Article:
Operators of American-flag vessels are faced with a competitive disadvantage in the construction and replacement of their vessels relative to foreign-flag operators whose vessels are registered in countries that do not tax shipping income. The Capital Construction Fund (CCF) program was created to counterbalance this situation by helping owners and operators of United States-flag vessels secure the capital necessary to modernize and expand the U.S. merchant marine. The program encourages construction, reconstruction, or acquisition of vessels through the deferment of Federal income taxes on certain deposits of money or other property placed into a CCF. Participants must meet U.S. citizenship requirements.
See the latest list of fundholders.
Vessels built with any amount of CCF funding must be built in the United States and documented under the laws of the United States for operation in the nation’s foreign, Great Lakes, short-sea Shipping or noncontiguous domestic trade or its fisheries. CCF vessels constructed, reconstructed, or acquired under the CCF program span a wide spectrum, including large containerships, Roll-On/Roll-Off vanships, barge-carrying vessels, and other general cargo vessels; crude oil and petroleum product tankers, sophisticated liquefied natural gas (LNG) carriers; self-unloading Great Lakes bulk carriers; tugs, barges, supply vessels, and ferry and passenger vessels.
Companies utilizing the benefits of the CCF program represent a broad cross section of the U.S. maritime industry. Operators range in size, from large consolidated companies to partnerships and sole proprietors, but all have one thing in common -- understanding that the CCF program can lower the cost of replacing or adding new vessels, significantly accelerate the time frame for accumulating capital for such purposes, and be used to pay down existing vessel debt (as long as the vessel is part of an overall building program). OPerator types include, for example:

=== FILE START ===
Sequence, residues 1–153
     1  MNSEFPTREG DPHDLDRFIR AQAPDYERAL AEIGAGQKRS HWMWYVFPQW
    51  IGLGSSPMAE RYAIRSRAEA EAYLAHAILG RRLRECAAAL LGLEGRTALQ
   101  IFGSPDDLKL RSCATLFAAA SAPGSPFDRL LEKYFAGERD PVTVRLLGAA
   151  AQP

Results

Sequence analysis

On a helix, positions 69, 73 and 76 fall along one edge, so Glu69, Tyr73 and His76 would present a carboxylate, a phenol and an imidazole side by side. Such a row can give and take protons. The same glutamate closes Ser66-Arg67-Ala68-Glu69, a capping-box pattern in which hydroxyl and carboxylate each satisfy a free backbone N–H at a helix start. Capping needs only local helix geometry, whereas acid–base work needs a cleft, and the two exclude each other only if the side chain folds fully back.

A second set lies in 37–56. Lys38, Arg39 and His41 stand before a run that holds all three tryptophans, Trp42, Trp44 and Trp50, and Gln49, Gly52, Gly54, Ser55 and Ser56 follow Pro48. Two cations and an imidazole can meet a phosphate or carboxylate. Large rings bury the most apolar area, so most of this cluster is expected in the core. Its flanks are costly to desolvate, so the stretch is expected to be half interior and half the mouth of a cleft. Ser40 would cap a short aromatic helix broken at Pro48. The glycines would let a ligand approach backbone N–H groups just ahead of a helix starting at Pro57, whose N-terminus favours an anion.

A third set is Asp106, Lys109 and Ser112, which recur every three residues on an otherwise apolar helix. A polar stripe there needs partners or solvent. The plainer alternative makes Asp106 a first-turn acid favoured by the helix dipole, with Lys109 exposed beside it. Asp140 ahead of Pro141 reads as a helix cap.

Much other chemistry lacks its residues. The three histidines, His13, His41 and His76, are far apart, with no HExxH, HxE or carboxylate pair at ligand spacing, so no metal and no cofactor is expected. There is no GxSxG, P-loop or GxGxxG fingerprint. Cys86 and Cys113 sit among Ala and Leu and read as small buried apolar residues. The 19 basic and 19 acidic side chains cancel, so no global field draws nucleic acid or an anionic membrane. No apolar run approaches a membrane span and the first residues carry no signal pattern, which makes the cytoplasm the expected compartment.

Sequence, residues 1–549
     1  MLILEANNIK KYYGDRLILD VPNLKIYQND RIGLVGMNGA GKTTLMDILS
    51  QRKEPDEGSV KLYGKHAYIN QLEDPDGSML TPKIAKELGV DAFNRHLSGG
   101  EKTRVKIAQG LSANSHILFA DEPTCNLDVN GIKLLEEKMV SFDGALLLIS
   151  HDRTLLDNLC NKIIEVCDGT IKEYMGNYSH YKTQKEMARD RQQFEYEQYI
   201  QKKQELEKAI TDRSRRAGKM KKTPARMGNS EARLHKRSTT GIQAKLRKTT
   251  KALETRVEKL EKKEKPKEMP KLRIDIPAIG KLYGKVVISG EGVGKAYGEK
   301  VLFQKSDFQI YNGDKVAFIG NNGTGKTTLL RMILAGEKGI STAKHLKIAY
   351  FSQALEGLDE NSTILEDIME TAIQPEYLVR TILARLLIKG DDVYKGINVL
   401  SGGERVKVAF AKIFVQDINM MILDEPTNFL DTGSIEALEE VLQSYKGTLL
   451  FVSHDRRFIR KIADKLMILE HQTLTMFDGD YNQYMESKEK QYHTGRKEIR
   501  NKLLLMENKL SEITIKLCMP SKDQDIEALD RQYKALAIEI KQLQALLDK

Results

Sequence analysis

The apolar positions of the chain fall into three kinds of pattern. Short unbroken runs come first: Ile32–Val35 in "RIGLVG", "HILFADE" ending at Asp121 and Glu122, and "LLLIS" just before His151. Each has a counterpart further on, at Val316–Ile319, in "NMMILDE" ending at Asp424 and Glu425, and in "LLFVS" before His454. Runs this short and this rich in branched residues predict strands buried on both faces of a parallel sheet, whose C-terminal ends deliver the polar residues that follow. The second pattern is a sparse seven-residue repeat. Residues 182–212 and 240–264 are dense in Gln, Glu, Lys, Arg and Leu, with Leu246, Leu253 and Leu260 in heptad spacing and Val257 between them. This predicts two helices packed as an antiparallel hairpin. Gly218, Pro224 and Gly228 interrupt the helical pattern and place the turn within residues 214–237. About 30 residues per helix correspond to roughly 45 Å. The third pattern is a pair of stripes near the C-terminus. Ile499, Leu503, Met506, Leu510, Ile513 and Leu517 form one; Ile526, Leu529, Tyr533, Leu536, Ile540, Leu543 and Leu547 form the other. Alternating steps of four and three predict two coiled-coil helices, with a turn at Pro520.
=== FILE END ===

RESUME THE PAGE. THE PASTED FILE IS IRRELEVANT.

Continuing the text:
- Liner companies that operate containerships and other specialized vessels from the West Coast of the United States to points in the Far East and Hawaii and from Gulf and East Coast ports to Europe, South America, and Africa;
- Tanker operators delivering crude oil from the North Slope of Alaska to the U.S. mainland;
- Bulk vessel operators moving ore, and operators providing ferry and passenger service on the Great Lakes;
- Companies specialized in offshore towing and supply operations that serve oil drilling and production rigs off U.S. coasts and in foreign waters;
- Operators serving Caribbean and Central American ports;
- Tug and barge operators providing service between Pacific Coast ports and points in Alaska, on the river system in Alaska, and in the Gulf of Alaska;
- Cruise vessels and tug-barge operators providing inter-island service in the Hawaiian Islands; and
- Operators moving containers and Roll-on/Roll-off cargo in short-sea Shipping trades
The Department of Transportation’s Maritime Administration (MARAD) and the Department of Commerce’s National Oceanic and Atmospheric Administration (NOAA) are responsible for administering the CCF program, with MARAD handing commercial vessels, and NOAA handling those in the fishing industry.
Parties interested in the program as it relates to fishing vessels should contact:CCF Program, Financial Services Division (F/MB5)
National Marine Fisheries Service
1315 East West Highway
Silver Spring, MD 20910
or the NOAA Website